Guinotte Wise conjures rebels, roadhouses, and sex.
Ben Berman considers stone hearts and perspective, “how a thing can so readily re-present itself with an entirely new meaning.”
A father’s dying wisdom to the son he never really knew–“Remember how I said /we should run or be eaten. /I kept running and I take it all back.”
Steven Sanchez’s poem expertly navigates childhood abuse and adult love. Rarely does a poem so successfully convey both pain and tenderness.
Are you listening Donald? Part lament, part celebration, Emily Hazel’s poem closes our Immigration and Xenophobia series with a demand that those in power recognize our common dignity.
Regina Baeza Martinez, 16 years old and originally from Mexico, writes of the heartbreak of leaving home and what it means to “taste like the kind of sacrifice he does not want to understand.”
RG Evans invokes Robert Frost to make a short, snarky point.
Joe Amaral’s apocalyptic poem invokes DNA, immigration, and climate change, vividly direction our attention to “the loss and love we must compartmentalize /to share, carrying the burden of melting /glacial scarp still beckoning its magical blue.”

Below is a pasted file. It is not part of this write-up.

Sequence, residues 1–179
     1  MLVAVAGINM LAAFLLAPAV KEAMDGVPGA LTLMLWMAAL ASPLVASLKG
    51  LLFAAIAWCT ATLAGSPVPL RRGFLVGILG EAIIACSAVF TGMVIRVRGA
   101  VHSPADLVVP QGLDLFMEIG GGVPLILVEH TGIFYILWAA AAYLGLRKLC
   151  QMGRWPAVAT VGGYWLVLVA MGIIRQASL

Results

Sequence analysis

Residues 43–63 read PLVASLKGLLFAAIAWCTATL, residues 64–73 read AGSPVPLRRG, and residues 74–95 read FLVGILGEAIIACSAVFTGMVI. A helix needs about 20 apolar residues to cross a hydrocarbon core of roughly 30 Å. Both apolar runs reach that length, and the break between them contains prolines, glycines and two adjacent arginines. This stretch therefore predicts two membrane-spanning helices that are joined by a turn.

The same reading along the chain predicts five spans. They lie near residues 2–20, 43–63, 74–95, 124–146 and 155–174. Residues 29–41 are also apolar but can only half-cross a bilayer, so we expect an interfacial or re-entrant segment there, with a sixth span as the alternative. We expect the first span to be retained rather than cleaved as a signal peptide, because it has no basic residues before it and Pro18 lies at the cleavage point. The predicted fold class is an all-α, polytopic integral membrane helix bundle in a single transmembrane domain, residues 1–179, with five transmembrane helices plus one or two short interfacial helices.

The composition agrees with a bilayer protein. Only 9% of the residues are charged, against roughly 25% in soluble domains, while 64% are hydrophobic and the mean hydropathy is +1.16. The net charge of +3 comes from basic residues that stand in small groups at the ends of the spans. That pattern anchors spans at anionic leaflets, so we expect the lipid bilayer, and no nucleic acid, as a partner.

US Army veteran Colin Halloran writes of the overshadowed 2015 Beirut bombing, its “blasts /that have no need /for linguistic shackles.”
An encounter with the police and a Chinese-American family’s sense of “failing in a loud and crazy time” are the subjects of Tina Cane’s stark poem.
Zeus remarks on both sides of the mythic Trojan War. The parallels to our current reality are clear.
Gerald Yelle’s poem is a surreal take on militarization and white flight.
Laura Sweeney’s poem celebrates women’s courage–political and otherwise.
A child experiences a sweetly poignant moment of confusion.
Continuing our Immigration and Xenophobia series, Josh Conklin’s poem captures the selective compassion of the era.
Michael Chin recounts an early lesson in sports, race relations, and language.